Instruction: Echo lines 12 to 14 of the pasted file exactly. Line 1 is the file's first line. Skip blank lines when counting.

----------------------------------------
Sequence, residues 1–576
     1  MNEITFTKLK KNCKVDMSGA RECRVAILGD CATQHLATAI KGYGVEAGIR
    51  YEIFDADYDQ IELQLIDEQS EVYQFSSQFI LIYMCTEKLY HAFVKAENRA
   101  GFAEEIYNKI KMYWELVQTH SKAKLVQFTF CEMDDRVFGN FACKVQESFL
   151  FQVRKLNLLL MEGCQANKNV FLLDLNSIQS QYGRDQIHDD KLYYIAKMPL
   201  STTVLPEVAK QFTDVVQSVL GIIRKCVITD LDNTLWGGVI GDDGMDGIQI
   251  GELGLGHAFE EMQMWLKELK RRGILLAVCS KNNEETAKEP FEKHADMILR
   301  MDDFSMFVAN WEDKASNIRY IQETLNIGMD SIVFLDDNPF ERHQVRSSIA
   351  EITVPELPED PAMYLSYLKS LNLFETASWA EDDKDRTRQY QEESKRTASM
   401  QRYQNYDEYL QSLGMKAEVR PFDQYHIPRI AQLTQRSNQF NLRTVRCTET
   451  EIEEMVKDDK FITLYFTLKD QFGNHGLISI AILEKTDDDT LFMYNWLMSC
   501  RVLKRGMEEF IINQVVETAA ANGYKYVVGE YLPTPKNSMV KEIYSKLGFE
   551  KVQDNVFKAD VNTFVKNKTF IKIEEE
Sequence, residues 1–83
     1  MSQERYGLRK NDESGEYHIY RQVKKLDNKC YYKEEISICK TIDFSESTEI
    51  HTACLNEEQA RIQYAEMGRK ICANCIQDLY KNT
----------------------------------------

   501  RVLKRGMEEF IINQVVETAA ANGYKYVVGE YLPTPKNSMV KEIYSKLGFE
   551  KVQDNVFKAD VNTFVKNKTF IKIEEE
Sequence, residues 1–83